Planet Gore

Chevy Bets on High Gas Prices

USA Today:

General Motors now plans to more than double its production of the Chevrolet Volt extended-range electric car.

And GM is adding a second shift and 1,000 jobs at the Michigan plant where the plug-in car is made.

The moves come as high gas prices are already starting to shift demand to smaller cars, hybrids and electrics like the Volt. Never mind that the Volt lists for a hefty $41,000. It is GM’s biggest technological achievement, capable of driving 25 to 50 miles on electric power alone before its gas engine kicks in to recharge the battery.

All year long, GM has talked about trying to produce 10,000 Volts this year. So the talk of increasing production to 25,000, as reported by Chrissie Thompson of the Detroit Free Press, comes as a surprise. Next year comes the big jump: as many as 120,000 Volts.

Stupid. Nobody who worries about gas prices is going to plunk down this much money on a Volt when cars with similar m.p.g. numbers can be had for half the cost. I don’t see how they ever sell 120,000 per year, unless we see some sort of mandate by the Feds to buy electric cars for their own fleets, which is entirely possible — and a waste of taxpayer money.

Most Popular


Thursday Links

It's William Shatner's birthday: Here he is in 1978 'singing' Rocket Man, plus a Star Trek/Monty Python mashup. Sold: Isaac Newton’s Notes on the Philosopher’s Stone. It was a long time before anyone admitted that he was interested in alchemy. High-tech forgery: Computer-generated 'Rembrandt' ... Read More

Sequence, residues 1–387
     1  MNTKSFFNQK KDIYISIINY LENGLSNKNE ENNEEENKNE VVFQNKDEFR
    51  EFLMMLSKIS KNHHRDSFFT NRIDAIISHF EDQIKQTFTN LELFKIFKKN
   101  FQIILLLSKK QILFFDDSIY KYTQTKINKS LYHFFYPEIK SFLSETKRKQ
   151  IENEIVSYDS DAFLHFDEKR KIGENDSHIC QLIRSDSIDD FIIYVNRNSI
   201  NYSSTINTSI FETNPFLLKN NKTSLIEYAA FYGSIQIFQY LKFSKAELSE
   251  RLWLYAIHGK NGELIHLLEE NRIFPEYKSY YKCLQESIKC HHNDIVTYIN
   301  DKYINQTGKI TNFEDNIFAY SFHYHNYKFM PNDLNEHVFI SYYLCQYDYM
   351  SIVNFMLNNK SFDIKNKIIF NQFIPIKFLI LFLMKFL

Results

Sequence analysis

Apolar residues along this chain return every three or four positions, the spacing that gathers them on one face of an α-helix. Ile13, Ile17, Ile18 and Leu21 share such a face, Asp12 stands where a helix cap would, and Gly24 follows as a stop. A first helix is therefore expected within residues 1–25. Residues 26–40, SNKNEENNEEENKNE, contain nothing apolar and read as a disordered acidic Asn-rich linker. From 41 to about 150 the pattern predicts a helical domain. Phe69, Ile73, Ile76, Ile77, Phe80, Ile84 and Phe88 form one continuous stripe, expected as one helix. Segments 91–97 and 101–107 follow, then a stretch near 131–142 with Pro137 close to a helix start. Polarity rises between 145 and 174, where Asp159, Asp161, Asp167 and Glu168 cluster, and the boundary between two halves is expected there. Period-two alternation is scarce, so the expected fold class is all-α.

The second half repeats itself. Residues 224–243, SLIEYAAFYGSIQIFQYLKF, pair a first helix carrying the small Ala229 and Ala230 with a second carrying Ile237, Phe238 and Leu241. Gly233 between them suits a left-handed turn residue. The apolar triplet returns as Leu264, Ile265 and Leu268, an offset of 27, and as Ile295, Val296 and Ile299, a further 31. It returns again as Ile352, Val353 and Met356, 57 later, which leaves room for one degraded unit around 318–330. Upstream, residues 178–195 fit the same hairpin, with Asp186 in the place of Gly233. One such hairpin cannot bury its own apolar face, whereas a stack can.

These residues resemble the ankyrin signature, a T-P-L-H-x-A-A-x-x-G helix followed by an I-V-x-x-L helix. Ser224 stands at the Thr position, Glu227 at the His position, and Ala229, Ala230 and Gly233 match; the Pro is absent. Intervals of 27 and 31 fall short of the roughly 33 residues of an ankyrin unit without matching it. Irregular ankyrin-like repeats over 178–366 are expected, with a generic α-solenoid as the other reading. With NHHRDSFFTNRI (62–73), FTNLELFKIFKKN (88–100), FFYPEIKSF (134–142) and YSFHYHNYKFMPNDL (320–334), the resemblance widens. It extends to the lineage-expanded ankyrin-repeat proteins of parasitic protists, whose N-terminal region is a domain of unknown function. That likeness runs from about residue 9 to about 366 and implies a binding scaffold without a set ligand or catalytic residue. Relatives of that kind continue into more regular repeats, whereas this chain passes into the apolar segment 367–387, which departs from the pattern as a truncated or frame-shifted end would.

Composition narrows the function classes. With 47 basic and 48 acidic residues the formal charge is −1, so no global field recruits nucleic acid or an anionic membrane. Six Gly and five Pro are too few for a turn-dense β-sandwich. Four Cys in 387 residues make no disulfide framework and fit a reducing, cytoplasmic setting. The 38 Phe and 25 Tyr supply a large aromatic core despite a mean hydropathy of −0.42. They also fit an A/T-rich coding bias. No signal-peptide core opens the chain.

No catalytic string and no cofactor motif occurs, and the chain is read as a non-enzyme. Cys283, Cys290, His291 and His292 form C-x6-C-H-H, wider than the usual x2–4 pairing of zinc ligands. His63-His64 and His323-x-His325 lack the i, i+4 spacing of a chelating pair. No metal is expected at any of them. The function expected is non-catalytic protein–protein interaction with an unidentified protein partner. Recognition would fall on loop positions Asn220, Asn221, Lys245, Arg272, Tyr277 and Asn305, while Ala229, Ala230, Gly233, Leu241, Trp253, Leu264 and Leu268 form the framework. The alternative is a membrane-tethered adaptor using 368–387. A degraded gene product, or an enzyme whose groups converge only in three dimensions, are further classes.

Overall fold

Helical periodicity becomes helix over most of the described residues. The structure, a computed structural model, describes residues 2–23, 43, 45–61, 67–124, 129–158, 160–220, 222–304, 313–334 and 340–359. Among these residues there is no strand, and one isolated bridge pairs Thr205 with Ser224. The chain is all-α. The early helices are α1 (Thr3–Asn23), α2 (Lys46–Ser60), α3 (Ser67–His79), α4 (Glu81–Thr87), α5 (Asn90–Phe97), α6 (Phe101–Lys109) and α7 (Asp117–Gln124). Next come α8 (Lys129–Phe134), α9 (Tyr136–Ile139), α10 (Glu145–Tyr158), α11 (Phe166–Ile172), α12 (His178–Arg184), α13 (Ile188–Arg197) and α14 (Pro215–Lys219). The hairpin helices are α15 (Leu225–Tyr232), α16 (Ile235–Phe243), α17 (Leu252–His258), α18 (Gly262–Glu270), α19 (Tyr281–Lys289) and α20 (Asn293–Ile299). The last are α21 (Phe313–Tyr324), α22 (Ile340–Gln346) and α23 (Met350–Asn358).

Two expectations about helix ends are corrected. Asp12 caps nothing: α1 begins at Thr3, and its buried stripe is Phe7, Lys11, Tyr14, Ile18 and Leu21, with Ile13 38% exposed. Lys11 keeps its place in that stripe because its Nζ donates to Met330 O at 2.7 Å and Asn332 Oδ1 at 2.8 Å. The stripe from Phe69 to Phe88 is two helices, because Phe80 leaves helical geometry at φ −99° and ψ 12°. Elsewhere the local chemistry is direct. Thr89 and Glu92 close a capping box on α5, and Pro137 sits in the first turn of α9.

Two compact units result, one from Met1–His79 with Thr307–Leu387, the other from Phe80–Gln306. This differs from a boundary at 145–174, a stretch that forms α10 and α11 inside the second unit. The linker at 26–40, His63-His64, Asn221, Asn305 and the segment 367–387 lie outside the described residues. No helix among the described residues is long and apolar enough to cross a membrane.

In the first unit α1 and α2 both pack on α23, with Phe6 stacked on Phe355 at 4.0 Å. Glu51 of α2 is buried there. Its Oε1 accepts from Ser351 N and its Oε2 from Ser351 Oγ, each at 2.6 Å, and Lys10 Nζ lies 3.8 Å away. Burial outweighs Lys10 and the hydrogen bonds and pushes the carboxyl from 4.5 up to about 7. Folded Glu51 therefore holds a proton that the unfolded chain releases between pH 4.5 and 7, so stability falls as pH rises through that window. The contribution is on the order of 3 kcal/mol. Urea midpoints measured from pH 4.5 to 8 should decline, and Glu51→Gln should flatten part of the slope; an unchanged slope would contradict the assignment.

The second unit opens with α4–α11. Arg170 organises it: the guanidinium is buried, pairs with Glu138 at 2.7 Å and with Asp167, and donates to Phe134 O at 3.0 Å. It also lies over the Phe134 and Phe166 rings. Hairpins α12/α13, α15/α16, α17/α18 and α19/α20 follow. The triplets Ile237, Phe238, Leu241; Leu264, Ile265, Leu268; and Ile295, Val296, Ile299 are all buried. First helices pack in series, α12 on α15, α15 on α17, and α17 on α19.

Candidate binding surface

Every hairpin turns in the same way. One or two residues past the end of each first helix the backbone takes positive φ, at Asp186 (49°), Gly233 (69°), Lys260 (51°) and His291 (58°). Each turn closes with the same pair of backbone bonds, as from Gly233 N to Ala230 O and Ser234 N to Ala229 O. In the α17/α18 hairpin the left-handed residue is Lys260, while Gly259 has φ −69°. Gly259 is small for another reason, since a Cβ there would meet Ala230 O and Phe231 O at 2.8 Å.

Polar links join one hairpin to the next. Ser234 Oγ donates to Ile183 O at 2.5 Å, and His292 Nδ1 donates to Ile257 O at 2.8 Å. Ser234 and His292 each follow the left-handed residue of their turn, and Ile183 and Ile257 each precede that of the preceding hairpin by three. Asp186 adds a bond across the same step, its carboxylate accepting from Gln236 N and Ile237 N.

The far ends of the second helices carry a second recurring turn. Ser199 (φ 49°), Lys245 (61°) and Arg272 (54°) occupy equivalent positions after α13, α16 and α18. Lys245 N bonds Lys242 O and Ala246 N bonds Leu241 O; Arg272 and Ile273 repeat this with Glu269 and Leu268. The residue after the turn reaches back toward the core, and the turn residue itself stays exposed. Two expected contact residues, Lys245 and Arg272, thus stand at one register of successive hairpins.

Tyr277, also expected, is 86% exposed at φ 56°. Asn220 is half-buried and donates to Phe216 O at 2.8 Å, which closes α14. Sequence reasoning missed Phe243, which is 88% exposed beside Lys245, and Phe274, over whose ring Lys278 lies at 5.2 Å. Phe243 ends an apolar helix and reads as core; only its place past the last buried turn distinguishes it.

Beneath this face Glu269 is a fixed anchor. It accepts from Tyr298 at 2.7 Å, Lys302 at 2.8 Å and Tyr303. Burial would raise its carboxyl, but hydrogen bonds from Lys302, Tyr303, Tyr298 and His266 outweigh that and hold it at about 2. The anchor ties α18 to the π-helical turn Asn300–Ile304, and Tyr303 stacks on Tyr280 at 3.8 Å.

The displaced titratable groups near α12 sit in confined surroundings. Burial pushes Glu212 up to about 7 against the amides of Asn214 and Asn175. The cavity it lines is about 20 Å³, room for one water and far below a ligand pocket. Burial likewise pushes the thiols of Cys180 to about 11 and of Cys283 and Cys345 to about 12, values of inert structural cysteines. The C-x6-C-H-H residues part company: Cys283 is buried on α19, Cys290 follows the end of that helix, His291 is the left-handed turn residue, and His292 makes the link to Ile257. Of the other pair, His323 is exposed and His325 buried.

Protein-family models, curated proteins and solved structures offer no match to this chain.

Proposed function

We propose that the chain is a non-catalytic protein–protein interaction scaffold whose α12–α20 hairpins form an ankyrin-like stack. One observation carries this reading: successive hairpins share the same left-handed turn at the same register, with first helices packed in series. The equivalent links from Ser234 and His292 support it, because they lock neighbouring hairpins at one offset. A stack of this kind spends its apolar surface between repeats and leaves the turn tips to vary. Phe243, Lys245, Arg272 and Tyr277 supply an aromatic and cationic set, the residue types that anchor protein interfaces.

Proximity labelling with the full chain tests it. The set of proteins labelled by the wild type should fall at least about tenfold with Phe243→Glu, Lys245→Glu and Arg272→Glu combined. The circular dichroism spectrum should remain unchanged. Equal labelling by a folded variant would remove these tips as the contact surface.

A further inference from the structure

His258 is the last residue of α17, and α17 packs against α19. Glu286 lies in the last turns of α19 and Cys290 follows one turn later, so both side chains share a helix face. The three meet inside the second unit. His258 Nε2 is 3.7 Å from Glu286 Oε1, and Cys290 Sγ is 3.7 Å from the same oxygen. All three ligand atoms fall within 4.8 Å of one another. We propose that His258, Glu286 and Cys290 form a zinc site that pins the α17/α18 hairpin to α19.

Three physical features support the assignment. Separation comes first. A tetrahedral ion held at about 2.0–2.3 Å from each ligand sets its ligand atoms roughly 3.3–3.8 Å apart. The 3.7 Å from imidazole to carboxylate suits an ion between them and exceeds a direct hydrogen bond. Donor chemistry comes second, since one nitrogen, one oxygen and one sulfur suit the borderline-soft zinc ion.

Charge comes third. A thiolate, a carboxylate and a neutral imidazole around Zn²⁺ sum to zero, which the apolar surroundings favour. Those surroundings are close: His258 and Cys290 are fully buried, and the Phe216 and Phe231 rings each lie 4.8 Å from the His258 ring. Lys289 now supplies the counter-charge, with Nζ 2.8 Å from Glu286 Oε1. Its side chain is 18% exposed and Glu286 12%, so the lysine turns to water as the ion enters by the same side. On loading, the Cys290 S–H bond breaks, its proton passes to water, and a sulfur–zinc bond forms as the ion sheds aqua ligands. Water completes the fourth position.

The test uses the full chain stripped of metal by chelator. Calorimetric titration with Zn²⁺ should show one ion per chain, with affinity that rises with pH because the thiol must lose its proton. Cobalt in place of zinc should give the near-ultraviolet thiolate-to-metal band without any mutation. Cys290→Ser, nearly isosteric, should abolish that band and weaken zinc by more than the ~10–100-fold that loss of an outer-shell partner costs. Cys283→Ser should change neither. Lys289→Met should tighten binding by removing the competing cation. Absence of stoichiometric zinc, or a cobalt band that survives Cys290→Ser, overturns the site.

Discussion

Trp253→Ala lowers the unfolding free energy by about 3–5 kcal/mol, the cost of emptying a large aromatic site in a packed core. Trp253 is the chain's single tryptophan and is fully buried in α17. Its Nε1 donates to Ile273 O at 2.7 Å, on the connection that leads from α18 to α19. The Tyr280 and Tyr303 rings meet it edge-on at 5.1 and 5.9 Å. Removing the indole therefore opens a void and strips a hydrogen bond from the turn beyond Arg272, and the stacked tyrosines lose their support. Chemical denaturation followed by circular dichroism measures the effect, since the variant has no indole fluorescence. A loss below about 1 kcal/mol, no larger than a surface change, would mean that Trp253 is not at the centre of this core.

Korea: A Deadly Question

Olympic Games often have political significance, as in 1936 and as in the Olympics just past -- the Winter Games in Pyeongchang, South Korea. Those Games seemed as much political as athletic. I talk about this with Michael Breen on my latest Q&A. Breen is one of our best Korea-watchers, one of our soundest ... Read More
Film & TV

Superannuated ‘Idol’

In the pilot episode of Fox’s American Idol, Simon Cowell defined the show’s thesis: “We are going to tell people who cannot sing and have no talent that they have no talent. And that never makes you popular.” The show’s producers and its three judges -- Cowell, Paula Abdul, and Randy Jackson -- kept ... Read More